Mystery Seedlings Quiz!

Oh the rain is marvelous! And it brings on the growing season in California with a bang! Look - already some chaparral current is budding out! In our county, Santa Cruz - I simply refuse to believe in winter at all.

And, of course -- so many seedlings! They are popping up all over our property - some good - some bad (a lot bad, actually!) - and some -- we'll wait and see what they grow into.

So I thought it would be fun to do a little holiday season quiz to see if you can recognize the plant from its seedling - a good skill to develop in a garden to be sure.

If I had time I'd put photos of the adult plants below too - that would be swell. Oh well, hope the quiz is worth the price of admission anyway!

I'll number the photos and then below, number the answers accordingly. Here we go! ...

1. (OK not tiny seedlings but - these grow so fast you don't hardly see them as seedlings!)












And now for the some answers!

1. Very Very Baddie! Bermuda buttercup, aka sour grass, Oxalis pes-caprae. Possibly the worst of the villains! If you don't know its delightful and horridly omnipresent yellow flower and pretty clover-like leaves, you are lucky. I'm pulling but haven't been able to catch up with it - yet - or ever will probably! BTW the cluster shown in picture 1 is probably growing from a gopher cache of the bulbs and bulblets. Gophers are known to spread Oxalis.

2. I don't know what this will be - do you?

3. I don't know this one either! Any ideas?

4. Baddie! Non-native bedstraw, Galium sp. This one is a petite sort. I'm aware of a few types of bedstraw - but not which of them, if any, are native. There are humongous quantities of several Galium seedlings because last year I dithered before deciding they were all non-native and weedy besides.

5. Goodie! Purple bush lupine, Lupinus arboreus. Love that these are reseeding in the garden! I have about 20 seedlings in the greenhouse too, and need to get them out and about to create more clusters or reseeding lupines! If you scroll down on this 2012 post, you'll see a nice one growing in this very same spot.

6. Baddie! Non-native geranium sp. possibly Geranium molle, dove's foot geranium. I have a lot of different geraniums and I'm just realizing -- as I look over the Calflora page of geraniums in Santa Cruz County -- that I really should try and learn to ID e.g. the native Geranium carolinianum, which looks familiar to me - but is similar to another baddie. 11 non-natives and 2 natives. Sigh!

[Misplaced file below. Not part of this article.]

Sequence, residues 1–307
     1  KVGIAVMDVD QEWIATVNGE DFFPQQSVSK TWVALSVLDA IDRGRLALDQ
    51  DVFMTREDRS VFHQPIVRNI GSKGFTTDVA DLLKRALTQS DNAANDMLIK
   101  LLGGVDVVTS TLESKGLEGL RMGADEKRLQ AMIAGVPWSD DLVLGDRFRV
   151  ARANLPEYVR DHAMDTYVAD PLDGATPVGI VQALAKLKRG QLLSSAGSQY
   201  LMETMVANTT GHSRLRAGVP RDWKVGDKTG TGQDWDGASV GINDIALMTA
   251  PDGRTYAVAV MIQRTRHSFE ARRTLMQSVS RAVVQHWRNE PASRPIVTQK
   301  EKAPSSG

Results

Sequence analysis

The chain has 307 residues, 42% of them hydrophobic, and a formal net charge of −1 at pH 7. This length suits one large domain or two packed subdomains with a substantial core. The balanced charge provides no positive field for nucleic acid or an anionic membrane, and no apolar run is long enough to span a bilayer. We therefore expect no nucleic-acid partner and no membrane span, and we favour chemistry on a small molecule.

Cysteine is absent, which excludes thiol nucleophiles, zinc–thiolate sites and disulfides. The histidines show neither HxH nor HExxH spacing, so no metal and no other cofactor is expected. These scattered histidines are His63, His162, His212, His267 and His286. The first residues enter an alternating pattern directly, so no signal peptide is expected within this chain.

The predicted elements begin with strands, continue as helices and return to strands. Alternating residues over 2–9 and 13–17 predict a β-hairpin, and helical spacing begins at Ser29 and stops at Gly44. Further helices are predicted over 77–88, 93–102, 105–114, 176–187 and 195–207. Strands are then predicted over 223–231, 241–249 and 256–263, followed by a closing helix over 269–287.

7. Goodie! Woodland madia - Anisocarpus madioides. - a little bushy madia I really like. I hope to get patches of it going here and there. Its current patch is a little inconveniently in between other things, close to the cottage.

8. Goodie! Ruby chalice clarkia, Clarkia rubicunda. Spreading this lovely here there and everywhere. I'm so curious to see if the streaking of the petals will show up this year - especially curious about the ones that are growing around the property for the first time. I suspect a virus (like the one that causes streaky tulip petals) - but am not sure. And I don't know if the virus is in the seeds or where it is, if it is a virus at all. I think of these seed leaves as little guitars in shape.

9. Baddie! Non-native bedstraw, Galium aparine. The biggest and weediest of the annual bedstraws. See 4.

10. BADDIE! Non-native grasses - will I stay ahead of the seed heads this year? Inquiring gardeners want to know! I'm happy to say that in areas where I've started actively gardening and weeding, the non-native grasses were not much of a problem last year. I'm hopeful that the seeds don't live long in the soil. But maybe it was the strange weather. We'll see. It doesn't do to be too optimistic - the disappointment can be quite intense!

11. Goodie! Miner's lettuce, Claytonia parviflora. Some say to call it Indian Lettuce because it was used by native people - others say the use of indian in plant names is subtly racist, and I feel that way too - so I'll stick with miner's lettuce. After all, it's the white man who came up with pretty much all the common names we use for native Californian plants -- so it seems appropriate to stick with the miners of the  California gold rush. Caveat: while it is a goodie - miner's lettuce can behave in a weedy way - taking over flower beds and then wilting into a soggy mess when it's done. So I don't feel bad about taking this plant out where it doesn't fit the bill.

12. Baddie! Hedge mustard, Sisymbrium officinale, I'm pretty sure. Based on the Calflora page of mustards - eight non-natives to choose from and one native!

13. Baddie! Pop weed, aka bitter cress Cardamine oligosperma. Native to California, America, and beyond, it grows in disturbed places. It gets everywhere and I'm not sure how hard it would be to get rid of it, or if over time, the ground becoming less disturbed as a garden matures, it fades out. I'm not sure I want to take that risk -- though there is such a lot of it, I'm also not sure I have a choice!

Well, how did you do? Should I give you another quiz anon? I'm sure I can come up with thirteen more seedlings of different sorts to try and ID!

Oh and here to close -- A phenomenal display of brown fungus has popped up all along the slope below our house on the north side. Unfortunately the fungus ID book that also pops up, unpredictably, on my book shelves is currently hiding, so I can't pursue an ID on these cute fellows. They are very common - perhaps you know?


Saurs said…
#2 looks very much like Euphorbia maculata, but it's not really the season for it. #3 could well be anything; apart from the time of year, the key to readily identifying any IPM baddie is knowing something about the soil and exposure. As for the fungus, everything looks like a Galerina to me these days.